Even though cinema permits the emphasis of the perspective, and hence identification of the spectator to shift from identification with the male character as subject, in which case the spectator indulges in voyeuristic pleasure, to identification with the female as object or image to be looked at, in which case the spectator satisfies her narcissism or masochism, the camera work and editing in SATC more often than not encourage scopophilia, pleasure in looking. When the camera zooms in in a low-angle shot to foreground Carrie squatting to collect the fallen jewels followed by a cut to a male high-angle reaction-shot of Mr. Big looking down on the female protagonist, the camera instigates the means by which and the perspective from which the female character is to be observed – the male protagonist is in control of the gaze. The female right of centre framing is another convention religiously followed in the construction of the film as a spectacle – Carrie and Big in “Carrie, you are the one” scene and Charlotte and Harry in the closing of the episode to mention but a few examples.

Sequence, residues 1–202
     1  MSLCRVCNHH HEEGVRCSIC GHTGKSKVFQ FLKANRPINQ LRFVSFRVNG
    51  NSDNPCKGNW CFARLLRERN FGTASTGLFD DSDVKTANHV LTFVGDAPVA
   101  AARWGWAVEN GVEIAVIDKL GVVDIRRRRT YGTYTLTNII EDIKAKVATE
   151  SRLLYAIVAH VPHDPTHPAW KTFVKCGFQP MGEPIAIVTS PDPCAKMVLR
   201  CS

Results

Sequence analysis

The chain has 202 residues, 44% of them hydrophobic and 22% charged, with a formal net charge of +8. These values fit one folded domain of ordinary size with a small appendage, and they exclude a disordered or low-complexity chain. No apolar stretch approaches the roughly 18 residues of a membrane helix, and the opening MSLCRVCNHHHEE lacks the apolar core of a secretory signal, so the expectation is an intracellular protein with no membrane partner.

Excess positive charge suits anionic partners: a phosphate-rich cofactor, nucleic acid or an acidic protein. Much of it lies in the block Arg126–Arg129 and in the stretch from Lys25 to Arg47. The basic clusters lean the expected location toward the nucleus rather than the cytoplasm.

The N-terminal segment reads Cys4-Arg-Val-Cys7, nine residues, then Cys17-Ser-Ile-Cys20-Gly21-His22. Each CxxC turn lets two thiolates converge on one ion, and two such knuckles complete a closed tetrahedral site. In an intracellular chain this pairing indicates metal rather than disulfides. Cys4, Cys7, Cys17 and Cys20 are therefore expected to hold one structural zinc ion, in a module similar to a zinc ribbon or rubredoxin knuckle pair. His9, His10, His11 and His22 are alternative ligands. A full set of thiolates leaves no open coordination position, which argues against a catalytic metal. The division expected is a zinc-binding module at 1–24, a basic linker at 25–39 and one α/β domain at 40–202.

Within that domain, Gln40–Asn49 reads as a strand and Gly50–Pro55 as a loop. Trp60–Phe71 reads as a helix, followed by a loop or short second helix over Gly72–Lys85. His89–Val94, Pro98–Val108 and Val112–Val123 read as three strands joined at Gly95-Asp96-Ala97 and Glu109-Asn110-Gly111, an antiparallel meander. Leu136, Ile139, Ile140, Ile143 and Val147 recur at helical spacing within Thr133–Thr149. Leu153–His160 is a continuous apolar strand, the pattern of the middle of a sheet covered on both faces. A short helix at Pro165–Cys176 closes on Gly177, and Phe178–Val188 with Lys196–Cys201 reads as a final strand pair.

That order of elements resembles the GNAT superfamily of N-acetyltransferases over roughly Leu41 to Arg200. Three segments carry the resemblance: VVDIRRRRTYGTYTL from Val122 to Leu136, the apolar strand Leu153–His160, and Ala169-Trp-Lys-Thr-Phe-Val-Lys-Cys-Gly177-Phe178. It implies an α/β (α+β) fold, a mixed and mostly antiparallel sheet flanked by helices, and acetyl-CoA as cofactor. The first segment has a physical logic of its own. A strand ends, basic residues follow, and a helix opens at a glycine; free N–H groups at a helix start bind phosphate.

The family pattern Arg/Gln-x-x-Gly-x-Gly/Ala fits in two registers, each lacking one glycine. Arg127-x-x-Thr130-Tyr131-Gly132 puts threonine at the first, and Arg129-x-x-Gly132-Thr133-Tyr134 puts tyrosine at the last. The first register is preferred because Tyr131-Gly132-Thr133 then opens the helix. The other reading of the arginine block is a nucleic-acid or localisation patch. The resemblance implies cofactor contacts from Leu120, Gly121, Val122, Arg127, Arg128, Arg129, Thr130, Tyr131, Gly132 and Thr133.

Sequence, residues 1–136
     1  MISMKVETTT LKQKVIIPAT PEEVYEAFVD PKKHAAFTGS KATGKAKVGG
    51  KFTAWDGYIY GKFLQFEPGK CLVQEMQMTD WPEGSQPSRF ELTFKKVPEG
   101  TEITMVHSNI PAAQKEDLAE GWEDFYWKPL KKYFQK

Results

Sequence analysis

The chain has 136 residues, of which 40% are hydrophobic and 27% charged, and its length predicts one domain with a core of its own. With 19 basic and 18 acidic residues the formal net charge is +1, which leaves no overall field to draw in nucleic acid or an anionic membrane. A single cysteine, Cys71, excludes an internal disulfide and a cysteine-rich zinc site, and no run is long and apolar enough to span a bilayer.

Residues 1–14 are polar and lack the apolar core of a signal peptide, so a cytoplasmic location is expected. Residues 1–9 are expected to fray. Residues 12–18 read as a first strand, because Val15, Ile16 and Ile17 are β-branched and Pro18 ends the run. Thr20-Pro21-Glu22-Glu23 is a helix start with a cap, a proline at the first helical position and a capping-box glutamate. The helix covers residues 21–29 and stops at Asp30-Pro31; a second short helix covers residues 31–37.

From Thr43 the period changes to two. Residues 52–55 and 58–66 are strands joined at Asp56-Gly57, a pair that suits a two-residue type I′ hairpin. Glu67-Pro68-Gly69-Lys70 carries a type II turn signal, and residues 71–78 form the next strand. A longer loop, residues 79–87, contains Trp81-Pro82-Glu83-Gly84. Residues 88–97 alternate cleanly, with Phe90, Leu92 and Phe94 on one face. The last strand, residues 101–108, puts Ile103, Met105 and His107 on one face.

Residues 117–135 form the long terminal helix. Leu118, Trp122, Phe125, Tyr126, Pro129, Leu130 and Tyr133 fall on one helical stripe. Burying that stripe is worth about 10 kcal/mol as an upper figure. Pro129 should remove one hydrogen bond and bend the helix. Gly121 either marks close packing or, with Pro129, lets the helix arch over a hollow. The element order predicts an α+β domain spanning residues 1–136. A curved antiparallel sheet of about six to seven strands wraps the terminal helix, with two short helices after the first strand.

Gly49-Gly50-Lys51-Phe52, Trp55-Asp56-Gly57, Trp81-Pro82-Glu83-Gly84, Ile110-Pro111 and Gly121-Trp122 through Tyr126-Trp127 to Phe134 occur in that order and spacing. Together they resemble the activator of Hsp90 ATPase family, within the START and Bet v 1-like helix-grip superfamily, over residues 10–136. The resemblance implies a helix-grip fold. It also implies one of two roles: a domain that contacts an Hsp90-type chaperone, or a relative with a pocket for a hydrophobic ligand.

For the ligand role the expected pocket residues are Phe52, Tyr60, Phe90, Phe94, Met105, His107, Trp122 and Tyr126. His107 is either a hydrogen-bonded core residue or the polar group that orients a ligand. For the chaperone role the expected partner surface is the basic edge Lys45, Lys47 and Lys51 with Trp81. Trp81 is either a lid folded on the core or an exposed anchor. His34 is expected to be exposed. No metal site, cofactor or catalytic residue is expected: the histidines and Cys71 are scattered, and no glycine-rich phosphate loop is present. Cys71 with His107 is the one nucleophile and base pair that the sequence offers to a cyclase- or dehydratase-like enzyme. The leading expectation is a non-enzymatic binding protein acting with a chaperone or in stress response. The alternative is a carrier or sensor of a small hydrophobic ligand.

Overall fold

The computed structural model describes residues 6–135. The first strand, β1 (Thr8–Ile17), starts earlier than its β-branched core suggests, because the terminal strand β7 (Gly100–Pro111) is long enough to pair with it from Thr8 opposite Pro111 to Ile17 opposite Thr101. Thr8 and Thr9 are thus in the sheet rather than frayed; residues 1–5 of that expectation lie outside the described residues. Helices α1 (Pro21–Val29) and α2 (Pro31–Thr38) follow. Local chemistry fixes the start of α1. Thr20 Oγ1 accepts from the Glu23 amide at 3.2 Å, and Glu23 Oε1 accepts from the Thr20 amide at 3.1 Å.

The close-ups and extreme close-ups display the commodified bodies of models in fashion shows and magazines no less than the protagonists’ ones. Despite the emphasis on their close-to-ordinary-women side, the season finale occasionally puts the protagonists on display as in the brief moment when we first see Carrie’s elegant lithe foot as it stretches out of the taxi to step on Parisian land or in one of the final scenes in  An American Girl in Paris, Part Duex where the just reunited foursome confidently walks out on the street. Perhaps one of the most memorable scenes in the show is the long shot which has not only the protagonist’s body on display covered by the Versace “Dress of a Thousand Layers”, but her soul contrastingly bare – the great expectations of thousands of secret delights shrouded in lace lay in futile waiting. Alexandr points out she looks like a dessert, which parallels an earlier scene in the episode at the breast cancer event of a piece of cake being broken into pieces and eaten. The objectification of the female protagonist is clearly manifested in her being compared to a desirable consummer product.

While the show claims to represent women and their sexuality in dominant subject positions, the diegesis, mise en scene and camerawork, instead, restore these women to the confines of a patriarchal society by establishing them as figures that participate in or adhere to its established structure.


Mulvey, Laura. (1975). Visual Pleasure and Narrative Cinema

Mulvey, Laura. Afterthoughts onVisual Pleasure and Narrative Cinema’ inspired by Duel in the Sun

Brunnemer, Kristin. Sex and Subjectivity: Gazing and Glancing in HBO’s Sex and the City

Royal, Cindy. (2003). Narrative Structure in Sex and the City: “I Couldn’t Help But Wonder…”